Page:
There are several ways in which a connection is created. The most common way is from the creation of an initial context. When you create an InitialContext, InitialDirContext, or InitialLdapContext by using the LDAP service provider, a connection is set up immediately with the target LDAP server named in the Context.PROVIDER_URL property. Each time an initial context is created, a new LDAP connection is created. See the Connection Pooling section for information on how to change this behavior.
If the property value contains more than one URL, then each URL is tried in turn until one is used to create a successful connection. The property value is then updated to be the successful URL. See the LDAP & LDAPS URLS section for an example of how to create an initial context using a list of URLs.
There are three other direct ways in which a connection is created. The first way is by passing a URL as the name argument to the initial context. When an LDAP or LDAPS URL is pass as a name parameter to the initial context, the information in the URL is used to create a new connection to the LDAP server, regardless of whether the initial context instance itself has a connection to an LDAP server. In fact, the initial context might not be connected to any server. See the URLs lesson for more information on how URLs are used as names.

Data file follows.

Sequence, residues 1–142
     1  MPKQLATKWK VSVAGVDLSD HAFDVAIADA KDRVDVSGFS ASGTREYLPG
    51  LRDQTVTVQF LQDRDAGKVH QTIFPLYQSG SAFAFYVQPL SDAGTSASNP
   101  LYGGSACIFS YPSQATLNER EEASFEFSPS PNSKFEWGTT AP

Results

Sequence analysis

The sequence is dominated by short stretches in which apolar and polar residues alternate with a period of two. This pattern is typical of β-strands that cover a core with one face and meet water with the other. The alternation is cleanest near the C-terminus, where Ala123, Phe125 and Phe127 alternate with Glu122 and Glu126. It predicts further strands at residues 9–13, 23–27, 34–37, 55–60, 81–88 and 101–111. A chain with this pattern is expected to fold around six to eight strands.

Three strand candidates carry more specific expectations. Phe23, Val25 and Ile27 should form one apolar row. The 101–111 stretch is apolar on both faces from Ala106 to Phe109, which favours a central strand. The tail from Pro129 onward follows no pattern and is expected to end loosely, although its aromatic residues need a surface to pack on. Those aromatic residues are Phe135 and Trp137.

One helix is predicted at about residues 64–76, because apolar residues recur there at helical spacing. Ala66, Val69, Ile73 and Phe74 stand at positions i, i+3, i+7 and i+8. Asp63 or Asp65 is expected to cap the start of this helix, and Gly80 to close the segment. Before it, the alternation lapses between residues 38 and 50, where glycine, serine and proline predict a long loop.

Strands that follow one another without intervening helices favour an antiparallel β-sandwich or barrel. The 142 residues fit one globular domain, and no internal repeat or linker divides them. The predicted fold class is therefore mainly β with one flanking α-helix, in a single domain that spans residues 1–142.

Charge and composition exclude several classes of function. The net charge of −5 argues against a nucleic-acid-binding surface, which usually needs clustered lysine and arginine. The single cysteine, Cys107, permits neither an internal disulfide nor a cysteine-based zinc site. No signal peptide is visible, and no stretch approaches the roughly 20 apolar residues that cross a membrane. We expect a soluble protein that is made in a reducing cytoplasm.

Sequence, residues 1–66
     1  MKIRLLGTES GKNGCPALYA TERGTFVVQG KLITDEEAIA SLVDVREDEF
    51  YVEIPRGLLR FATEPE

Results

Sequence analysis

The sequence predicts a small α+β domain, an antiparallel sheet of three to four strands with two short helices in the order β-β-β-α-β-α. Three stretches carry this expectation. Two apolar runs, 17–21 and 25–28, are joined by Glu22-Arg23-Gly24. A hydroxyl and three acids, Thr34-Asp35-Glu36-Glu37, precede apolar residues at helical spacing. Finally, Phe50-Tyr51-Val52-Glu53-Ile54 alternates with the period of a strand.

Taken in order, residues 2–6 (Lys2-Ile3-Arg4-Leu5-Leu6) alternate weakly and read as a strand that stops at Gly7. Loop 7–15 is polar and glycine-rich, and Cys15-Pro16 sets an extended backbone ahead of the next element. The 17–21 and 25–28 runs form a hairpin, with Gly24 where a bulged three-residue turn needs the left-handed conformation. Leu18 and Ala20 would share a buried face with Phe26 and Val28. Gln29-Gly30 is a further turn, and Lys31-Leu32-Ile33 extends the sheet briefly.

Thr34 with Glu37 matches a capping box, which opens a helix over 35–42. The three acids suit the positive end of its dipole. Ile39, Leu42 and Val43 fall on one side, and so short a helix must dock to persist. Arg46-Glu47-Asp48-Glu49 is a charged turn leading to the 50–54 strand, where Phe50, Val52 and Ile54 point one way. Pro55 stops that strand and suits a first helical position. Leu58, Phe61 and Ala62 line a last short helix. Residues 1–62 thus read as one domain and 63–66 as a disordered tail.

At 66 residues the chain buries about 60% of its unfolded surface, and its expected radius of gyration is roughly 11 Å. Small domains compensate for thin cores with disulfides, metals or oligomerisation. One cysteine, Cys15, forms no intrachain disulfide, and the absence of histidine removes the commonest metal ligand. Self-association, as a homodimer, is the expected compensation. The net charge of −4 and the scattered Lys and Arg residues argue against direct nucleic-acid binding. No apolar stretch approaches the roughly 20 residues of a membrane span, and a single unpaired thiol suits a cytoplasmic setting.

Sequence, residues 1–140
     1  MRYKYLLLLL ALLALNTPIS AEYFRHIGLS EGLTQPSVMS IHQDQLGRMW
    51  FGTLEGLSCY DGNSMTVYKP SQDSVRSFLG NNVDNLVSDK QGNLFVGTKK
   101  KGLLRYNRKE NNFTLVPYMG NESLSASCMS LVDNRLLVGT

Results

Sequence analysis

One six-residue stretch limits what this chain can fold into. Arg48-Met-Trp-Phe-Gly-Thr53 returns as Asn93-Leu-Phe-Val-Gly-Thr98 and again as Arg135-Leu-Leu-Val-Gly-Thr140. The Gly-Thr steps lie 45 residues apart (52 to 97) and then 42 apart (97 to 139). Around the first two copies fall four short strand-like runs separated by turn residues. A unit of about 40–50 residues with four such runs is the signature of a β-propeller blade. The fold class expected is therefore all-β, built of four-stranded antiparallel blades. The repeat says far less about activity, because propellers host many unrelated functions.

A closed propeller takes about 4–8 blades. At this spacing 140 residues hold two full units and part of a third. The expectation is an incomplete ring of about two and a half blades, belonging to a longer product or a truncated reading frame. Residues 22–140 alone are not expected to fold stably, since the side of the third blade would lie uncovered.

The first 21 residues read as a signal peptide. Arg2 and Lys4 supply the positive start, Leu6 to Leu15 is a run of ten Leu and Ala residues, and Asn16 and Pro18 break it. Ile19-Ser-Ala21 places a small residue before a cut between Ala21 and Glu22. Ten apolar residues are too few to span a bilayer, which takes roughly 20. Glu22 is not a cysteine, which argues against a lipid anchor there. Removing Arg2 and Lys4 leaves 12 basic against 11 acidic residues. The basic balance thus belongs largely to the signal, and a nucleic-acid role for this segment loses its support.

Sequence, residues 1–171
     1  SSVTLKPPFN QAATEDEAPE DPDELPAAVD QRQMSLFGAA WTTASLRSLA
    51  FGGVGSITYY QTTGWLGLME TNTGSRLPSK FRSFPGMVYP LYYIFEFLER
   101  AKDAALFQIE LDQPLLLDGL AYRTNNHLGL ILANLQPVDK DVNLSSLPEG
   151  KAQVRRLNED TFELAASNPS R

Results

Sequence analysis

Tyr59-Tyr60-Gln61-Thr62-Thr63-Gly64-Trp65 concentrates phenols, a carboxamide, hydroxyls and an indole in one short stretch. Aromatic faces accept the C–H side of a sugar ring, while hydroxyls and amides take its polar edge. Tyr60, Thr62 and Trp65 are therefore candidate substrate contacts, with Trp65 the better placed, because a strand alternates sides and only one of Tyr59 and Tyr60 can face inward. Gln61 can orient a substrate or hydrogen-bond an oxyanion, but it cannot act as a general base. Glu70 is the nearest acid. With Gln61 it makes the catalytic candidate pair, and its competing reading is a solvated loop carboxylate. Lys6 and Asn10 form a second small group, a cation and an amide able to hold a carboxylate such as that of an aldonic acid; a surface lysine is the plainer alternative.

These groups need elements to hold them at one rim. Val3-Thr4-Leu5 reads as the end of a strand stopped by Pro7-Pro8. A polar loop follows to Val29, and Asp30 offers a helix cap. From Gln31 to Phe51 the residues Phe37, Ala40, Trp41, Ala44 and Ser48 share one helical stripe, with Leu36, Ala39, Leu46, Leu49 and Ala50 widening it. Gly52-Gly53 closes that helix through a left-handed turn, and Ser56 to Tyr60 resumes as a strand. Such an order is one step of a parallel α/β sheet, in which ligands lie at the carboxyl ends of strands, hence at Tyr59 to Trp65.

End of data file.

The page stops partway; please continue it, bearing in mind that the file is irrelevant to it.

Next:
Another way that a connection is created is by use of a Reference. When a Reference containing an LDAP or LDAPS URL is passed to NamingManager.getObjectInstance() or DirectoryManager.getObjectInstance(), a new connection is created using information specified in the URL.
Finally, when a referral is followed manually or automatically, the information in the referral is used to create a new connection. See the Referrals lesson for information on referrals.